An idea cannot be stolen. The moment an idea is expressed, it becomes a "free", inexhaustible good. By copying my poem, for example, you are not preventing or hindering me from reciting it, so it is not stealing.
You don't need to steal an idea. That doesn't even need to be possible. The difficulty is that you reduce incentive to make new ideas in the first place. If you sink $500k to make a better mousetrap, and everyone else can copy the design, who in their right mind would make a better mousetrap?
Removing copyright and at the same time prohibiting commercial use of material would allow people to make creations using old material without allowing people to make money off of it; paying subsidies to writers and musicians would then cover the cost of new creations.
I agree that it should be reduced. But to the end of the creator's life. The creator of something should have copyright ownership until they can no longer have a say which would be at the time of their death.
this would place a higher legal value on works created when a creator is young than ones created when they are older. Assuming death at age 90, a work created at age 20 would have 70 years legal copyright protection, a work created at age 80 would have only 10.
Ideas and stories aren't property by themselves, what can be chargeable is the production of books. The books should have no copyright after ones death since the producer of the work isn't capable of producing any work, so there is no reason to what isn't property bringing any outcome.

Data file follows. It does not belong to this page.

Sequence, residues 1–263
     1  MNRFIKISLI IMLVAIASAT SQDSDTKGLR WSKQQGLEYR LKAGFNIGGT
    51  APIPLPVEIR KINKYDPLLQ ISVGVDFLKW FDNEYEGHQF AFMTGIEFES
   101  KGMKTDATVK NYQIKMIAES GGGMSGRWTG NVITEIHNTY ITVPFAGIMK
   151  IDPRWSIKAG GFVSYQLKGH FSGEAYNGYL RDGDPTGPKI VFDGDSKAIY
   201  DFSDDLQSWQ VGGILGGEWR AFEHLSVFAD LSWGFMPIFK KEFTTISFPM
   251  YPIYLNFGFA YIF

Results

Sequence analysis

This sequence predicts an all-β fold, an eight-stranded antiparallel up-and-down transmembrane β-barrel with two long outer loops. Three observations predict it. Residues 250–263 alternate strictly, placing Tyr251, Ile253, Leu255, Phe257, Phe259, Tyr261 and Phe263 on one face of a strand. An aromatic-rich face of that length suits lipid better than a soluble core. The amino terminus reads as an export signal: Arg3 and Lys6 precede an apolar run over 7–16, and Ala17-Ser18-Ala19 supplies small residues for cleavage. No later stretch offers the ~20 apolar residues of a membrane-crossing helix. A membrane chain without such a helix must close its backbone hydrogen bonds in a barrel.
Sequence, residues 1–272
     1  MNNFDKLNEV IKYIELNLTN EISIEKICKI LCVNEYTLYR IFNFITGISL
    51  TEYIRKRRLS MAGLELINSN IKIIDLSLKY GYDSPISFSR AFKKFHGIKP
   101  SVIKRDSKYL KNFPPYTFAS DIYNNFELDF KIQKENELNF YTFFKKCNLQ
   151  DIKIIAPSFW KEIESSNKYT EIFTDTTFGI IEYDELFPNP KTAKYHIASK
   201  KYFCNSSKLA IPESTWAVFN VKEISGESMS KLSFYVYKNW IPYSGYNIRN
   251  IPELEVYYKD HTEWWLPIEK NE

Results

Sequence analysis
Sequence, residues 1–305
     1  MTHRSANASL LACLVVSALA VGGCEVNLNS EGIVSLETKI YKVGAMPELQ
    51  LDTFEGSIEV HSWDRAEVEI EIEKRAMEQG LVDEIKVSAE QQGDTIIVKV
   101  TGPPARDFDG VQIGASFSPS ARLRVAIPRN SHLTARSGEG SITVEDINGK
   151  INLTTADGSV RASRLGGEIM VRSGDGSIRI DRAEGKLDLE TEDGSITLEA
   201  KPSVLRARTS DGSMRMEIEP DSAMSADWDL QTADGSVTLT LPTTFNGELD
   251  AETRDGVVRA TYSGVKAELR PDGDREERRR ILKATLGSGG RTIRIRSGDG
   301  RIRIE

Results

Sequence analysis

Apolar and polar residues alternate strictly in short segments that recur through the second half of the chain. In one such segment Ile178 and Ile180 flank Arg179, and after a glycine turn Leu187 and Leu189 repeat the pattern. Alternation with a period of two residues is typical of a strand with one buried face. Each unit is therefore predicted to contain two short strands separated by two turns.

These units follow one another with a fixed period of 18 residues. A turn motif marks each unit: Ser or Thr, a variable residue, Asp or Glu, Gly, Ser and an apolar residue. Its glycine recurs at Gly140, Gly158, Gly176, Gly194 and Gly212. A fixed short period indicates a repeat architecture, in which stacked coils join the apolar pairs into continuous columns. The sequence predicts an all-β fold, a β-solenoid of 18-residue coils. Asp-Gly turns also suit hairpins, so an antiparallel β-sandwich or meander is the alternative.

I do agree that it should be reduced to a maximum of the life of the copyright holder. The creator should be able to choose the length of copyright and should have a lot more freedom with how the copyright works. Example: so if John writes a book he can make the copyright 50 years or until death.
People already have options to lessen copyright restrictions on their own works, like Creative Commons licenses. They could also simply state publicly, "This work will go into the public domain 50 years after my death."
One doesn't deserve such a huge reward from being fortunate enough to have a good idea and doing the nominal work to implement it. By granting them that, they unfairly benefit in contrast to the rest of society.
Creative output is often difficult, expensive, and time-consuming. In most cases, copyrights don't confer particularly great benefit to the creator. Copyright generally just helps offset some of the cost of creation (e.g., helping applicants prove their portfolio is their own work when job hunting).